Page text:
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Upcoming events

Thursday, 21st September 2017

19:00 – 21:00

Book launch - Citizens by Ian Parks

Ian Parks is the only poet to have his work published in The Morning Star and the Times Literary Supplement on the same day, and his new collection 'Citizens' explores the tensions between poetry and politics, the spoken and the unspoken, the private and the public. Accompanied by the ghosts of the Chartist poets he listens to 'the voices of the lost and dispossessed' while visiting places of painful historical memory such as Orgreave, Cable Street, and Blackstone Edge.

Ian Parks was born in 1959 and is the author of eight collections of poems, the most recent of which was a Poetry Book Society Choice. He was writer in residence at Gladstone's Library in 2012 and Writing Fellow at De Montfort University Leicester from 2012-14. He currently runs the Read to Write Project in Doncaster.

Wednesday, 27th September 2017

14:00 – 16:00

Could Salford produce another Shelagh Delaney? Round table discussion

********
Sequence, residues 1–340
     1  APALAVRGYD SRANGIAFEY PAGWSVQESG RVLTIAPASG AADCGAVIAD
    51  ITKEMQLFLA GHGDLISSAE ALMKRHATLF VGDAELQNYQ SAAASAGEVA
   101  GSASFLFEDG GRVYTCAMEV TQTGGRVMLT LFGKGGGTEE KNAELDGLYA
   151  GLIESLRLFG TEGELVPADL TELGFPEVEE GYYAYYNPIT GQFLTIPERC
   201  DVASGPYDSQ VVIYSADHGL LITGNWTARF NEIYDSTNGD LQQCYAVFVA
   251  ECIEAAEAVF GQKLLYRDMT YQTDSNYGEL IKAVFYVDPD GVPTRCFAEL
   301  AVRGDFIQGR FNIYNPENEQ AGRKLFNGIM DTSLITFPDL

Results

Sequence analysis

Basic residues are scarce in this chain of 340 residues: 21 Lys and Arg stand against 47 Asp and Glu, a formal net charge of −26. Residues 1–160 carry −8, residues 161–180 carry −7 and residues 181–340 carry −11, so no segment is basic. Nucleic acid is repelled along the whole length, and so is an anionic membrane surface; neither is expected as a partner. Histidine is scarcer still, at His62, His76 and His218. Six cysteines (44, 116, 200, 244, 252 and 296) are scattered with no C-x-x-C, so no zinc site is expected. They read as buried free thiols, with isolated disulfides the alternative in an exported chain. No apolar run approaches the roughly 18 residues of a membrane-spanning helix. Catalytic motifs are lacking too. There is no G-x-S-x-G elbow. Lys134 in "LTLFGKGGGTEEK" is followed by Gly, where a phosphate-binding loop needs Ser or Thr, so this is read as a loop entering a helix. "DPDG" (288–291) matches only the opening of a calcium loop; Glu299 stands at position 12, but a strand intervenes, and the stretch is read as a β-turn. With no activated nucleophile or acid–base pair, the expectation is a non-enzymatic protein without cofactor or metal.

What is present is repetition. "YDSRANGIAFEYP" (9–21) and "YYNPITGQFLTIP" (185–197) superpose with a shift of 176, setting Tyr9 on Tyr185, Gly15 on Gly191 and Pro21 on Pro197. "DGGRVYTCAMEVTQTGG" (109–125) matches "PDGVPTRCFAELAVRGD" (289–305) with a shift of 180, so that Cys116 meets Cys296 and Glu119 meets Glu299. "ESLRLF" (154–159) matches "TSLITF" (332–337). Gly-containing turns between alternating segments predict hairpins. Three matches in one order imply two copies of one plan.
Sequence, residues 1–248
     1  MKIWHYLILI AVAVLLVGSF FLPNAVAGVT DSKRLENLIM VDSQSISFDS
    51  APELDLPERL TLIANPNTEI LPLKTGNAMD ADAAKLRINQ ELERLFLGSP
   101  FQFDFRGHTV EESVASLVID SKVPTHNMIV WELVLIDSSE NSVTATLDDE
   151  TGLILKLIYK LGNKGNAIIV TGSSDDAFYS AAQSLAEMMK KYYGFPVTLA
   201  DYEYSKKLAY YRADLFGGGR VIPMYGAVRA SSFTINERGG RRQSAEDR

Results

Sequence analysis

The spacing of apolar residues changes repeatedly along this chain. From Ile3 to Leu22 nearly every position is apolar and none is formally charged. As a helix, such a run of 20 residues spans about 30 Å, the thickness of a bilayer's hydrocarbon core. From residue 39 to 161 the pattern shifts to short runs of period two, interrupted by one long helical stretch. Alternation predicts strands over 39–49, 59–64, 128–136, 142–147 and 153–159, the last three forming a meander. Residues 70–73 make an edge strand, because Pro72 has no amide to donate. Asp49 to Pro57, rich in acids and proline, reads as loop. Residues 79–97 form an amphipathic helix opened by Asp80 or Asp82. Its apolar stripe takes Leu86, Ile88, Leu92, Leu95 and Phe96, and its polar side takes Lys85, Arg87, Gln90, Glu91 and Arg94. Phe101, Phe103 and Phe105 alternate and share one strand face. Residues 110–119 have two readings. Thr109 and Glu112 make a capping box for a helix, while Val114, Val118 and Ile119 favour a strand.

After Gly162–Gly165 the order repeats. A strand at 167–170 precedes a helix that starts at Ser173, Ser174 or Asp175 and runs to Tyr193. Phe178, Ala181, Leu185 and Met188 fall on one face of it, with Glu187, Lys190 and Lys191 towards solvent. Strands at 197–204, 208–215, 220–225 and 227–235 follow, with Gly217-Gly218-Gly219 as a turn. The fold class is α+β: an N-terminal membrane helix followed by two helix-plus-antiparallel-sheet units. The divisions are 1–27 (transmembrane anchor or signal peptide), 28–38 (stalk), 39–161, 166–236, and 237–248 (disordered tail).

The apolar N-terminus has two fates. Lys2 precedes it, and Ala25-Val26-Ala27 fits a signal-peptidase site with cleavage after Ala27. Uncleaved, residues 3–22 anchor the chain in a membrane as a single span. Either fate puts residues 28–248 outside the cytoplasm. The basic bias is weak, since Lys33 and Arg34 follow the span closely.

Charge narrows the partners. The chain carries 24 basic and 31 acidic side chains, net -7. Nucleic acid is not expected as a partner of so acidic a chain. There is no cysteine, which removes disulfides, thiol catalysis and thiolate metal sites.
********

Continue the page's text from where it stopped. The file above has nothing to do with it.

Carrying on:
In anticipation of this year's Shelagh Delaney Day, join Shelagh's daughter Charlotte Delaney, her biographer Selina Todd and MaD Theatre Company to discuss whether opportunities exist for young working class women to find a voice and an audience almost 60 years after A Taste of Honey first appeared.

This talk is part of the Invisible Histories series - all welcome, admission free, light refreshments afterwards. Please note however that we are planning for this to be a longer event than usual - the running time is two hours.

Wednesday, 4th October 2017

13:00 until
Fri 20 Oct 17:00

Southern Voices exhibition 'Out of the shadows: 1914-18 perspectives of colonised people'

In 2015 Southern Voices, a Manchester-based community group, received a grant from the Heritage Lottery Fund to develop this exhibition exploring the role and experiences of colonised peoples of the British West Indies, Nigeria, India and German and British East Africa during World War I. We are delighted to welcome them to the Library.

The exhibition is open Wednesdays to Fridays 1-5pm, and on Saturday 7 October 10am-4pm.